In the Face of Loss, She Found Love — And a Mission to Fight Breast Cancer

 Betsy and Jonathan.

Betsy and Jonathan.

When Betsy Nilan matched with a good-looking, friendly-seeming man named Jonathan on Bumble just over two years ago, the timing was…well, not ideal.

She was mourning the recent passing of her beloved mother after a breast cancer relapse. She had been seeing someone, long-distance, but knew in her heart that it was over.

And she was set to embark — the very next day, in fact — on a month-long, cross-country road trip with her two siblings, with the aim of spreading their mom’s ashes as they went.

 The Nilan siblings’ road trip.

The Nilan siblings’ road trip.

“I didn’t want to tell Jonathan what I was doing,” Betsy laughs now. “I thought it was a little morbid for our first conversation!”

When she returned, they had a first date. And a second. It turned out he’d recently experienced a loss. Jonathan understood and supported Betsy’s mission: to take up the mantle for her mom, and to finish the work she’d started.

Fourteen years ago, Betsy’s mom Mary Ann Wasil, then just 39, found a lump in her left breast. Her doctor, Betsy recalls, told her it was small, and probably nothing. “Whenever my mom told that story, she described it as the most disrespectful thing ever,” Betsy remembers.

Never one to settle for a first opinion, Mary Ann found a new doctor. It turned out she did, in fact, have cancer — in both breasts.

She never wanted another person to feel as disempowered as she’d felt sitting in that first doctor’s examination room. She set about teaching every woman and girl in her small Connecticut town how to do a breast self-exam. Mary Ann discovered there was a huge demand for this information — and for the simple, interactive tool she created (with the help of pediatricians and nurses): the Daisy Wheel.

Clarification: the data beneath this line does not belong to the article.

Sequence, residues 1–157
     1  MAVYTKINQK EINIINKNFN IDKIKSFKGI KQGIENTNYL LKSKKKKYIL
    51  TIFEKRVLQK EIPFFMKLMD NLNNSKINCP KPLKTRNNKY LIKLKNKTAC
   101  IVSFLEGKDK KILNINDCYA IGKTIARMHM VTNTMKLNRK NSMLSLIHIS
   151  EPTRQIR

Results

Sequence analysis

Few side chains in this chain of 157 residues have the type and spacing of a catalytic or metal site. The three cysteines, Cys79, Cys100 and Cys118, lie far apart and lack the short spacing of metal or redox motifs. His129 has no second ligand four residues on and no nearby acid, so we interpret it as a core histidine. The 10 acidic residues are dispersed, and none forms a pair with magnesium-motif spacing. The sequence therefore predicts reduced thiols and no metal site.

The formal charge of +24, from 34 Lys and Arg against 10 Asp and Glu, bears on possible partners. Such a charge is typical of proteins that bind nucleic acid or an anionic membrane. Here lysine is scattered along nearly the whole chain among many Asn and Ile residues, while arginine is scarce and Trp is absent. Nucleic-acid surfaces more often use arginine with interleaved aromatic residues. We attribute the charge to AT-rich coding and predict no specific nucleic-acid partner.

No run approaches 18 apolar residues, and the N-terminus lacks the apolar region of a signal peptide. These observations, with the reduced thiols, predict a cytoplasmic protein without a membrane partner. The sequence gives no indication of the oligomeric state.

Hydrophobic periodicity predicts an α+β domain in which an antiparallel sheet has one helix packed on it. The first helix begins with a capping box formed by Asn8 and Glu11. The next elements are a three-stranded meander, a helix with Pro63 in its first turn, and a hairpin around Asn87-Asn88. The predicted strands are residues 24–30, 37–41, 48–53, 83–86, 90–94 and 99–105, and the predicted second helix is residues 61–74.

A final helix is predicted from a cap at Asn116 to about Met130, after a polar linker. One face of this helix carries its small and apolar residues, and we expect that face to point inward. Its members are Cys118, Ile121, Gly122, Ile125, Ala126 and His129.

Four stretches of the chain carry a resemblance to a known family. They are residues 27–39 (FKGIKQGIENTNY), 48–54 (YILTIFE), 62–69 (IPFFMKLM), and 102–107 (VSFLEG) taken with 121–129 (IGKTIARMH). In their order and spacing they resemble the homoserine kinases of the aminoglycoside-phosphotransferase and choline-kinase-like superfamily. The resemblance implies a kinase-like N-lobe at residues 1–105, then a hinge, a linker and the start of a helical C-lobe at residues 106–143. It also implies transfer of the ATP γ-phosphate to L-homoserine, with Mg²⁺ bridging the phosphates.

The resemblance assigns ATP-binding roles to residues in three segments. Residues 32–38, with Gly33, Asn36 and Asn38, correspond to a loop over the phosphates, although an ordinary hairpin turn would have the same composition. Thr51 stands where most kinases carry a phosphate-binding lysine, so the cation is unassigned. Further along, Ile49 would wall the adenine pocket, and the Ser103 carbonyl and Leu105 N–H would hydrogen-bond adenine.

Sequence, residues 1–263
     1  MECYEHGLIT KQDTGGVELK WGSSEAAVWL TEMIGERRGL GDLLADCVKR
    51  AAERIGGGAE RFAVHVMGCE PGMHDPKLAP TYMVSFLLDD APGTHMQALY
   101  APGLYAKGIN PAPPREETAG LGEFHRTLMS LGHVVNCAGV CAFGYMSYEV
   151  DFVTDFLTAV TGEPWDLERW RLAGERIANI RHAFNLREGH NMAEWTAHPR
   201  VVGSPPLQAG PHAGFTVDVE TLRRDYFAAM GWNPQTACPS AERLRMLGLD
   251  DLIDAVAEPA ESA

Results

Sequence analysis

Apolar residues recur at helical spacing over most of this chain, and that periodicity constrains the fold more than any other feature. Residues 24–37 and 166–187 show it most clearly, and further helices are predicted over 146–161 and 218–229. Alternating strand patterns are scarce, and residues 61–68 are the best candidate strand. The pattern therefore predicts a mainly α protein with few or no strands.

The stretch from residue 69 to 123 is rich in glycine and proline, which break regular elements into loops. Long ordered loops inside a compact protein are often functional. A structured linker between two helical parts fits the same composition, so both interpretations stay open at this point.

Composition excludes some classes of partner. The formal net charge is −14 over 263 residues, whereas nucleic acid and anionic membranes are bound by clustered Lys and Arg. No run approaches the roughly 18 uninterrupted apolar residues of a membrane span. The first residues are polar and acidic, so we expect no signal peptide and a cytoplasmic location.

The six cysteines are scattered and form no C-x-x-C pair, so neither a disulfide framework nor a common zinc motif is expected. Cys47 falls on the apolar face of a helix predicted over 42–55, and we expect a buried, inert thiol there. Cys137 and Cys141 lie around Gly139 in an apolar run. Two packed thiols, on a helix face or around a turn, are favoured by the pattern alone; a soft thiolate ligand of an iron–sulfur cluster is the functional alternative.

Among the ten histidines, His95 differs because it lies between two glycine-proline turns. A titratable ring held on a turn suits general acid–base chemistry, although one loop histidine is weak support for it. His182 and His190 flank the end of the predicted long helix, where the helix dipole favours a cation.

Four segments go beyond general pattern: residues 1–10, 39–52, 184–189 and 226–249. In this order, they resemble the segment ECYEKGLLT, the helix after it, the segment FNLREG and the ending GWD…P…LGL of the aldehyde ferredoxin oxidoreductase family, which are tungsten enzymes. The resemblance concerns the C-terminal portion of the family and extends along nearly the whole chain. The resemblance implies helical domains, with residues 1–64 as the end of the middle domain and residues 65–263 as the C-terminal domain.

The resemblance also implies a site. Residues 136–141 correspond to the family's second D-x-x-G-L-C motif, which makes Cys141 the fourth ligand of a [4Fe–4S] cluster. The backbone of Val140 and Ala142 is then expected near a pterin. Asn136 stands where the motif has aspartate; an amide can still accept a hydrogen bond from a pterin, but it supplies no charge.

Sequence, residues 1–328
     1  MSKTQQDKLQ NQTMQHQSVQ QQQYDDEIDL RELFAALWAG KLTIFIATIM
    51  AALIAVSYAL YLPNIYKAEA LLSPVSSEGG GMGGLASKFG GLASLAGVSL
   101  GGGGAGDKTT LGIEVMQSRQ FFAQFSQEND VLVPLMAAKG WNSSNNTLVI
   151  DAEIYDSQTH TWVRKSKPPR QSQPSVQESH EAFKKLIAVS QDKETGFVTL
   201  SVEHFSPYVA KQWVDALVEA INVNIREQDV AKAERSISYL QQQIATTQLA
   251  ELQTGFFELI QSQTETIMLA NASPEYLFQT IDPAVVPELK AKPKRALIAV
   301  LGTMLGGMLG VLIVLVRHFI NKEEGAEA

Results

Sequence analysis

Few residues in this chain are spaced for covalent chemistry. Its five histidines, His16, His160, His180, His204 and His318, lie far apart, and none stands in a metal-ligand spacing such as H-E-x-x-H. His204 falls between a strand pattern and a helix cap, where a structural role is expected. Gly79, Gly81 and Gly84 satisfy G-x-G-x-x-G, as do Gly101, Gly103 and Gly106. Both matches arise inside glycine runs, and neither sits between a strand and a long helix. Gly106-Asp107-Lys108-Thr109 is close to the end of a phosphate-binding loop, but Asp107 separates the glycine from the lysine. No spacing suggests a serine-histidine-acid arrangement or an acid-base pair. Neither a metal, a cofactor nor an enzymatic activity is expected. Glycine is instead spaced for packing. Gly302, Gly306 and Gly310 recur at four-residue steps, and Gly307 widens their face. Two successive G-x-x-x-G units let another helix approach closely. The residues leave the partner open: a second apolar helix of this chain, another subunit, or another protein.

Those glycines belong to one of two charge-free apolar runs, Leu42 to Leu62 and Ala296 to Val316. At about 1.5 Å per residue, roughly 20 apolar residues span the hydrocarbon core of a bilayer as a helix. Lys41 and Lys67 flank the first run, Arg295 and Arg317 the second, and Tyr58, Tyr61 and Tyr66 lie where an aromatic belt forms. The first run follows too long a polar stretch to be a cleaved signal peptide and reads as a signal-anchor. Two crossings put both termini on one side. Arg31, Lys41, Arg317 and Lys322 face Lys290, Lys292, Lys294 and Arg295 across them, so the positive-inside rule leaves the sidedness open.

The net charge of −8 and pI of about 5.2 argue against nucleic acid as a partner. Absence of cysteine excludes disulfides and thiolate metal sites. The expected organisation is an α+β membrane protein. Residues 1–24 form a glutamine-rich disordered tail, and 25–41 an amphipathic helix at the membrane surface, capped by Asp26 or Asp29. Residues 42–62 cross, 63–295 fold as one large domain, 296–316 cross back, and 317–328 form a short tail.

“It outlines 8 steps necessary to perform a breast self-exam,” Betsy says. “It isn’t sexualized. It’s friendly. And there’s no mention of cancer. We focus on health, empowerment, and not making it a scary thing.”

Mary Ann called her nonprofit The Get In Touch Foundation. She was adamant that the program be free for school nurses to use to teach kids in grades 5 through 12.

When Mary Ann’s cancer returned and her health started to decline, Betsy stepped up, first as acting president, armed with a master’s degree in Women’s Studies. (Her thesis, appropriately: ‘Patriarchal Society’s Effect on Women with the BRCA1 and BRCA2 Genetic Mutation.’)

 Betsy with the Daisy Wheel.

Betsy with the Daisy Wheel.

After her mother’s death, Betsy took on the top job at The Get In Touch Foundation, determined to continue fighting for breast cancer awareness.

Her personal life took a toll, however. She remembers it as a lonely time.

“I was living alone at mom’s house,” she says. “I was isolated. I was just looking for support. Someone to get happy hour drinks with.”

Enter Bumble. And enter Jonathan.

More than two years on, they live together. And The Get In Touch Foundation is going from strength to strength.

This year alone, they’ve distributed more than half a million Daisy Wheels, for a total of over one million since the nonprofit’s inception.

“With my role now, I’m telling the story of my mom,” Betsy says. “My mom made the first move, by questioning her doctor. We should all empower ourselves with knowledge for the sake of our own health.”

You can learn more about The Get In Touch Foundation — and how to do breast self-exams — here.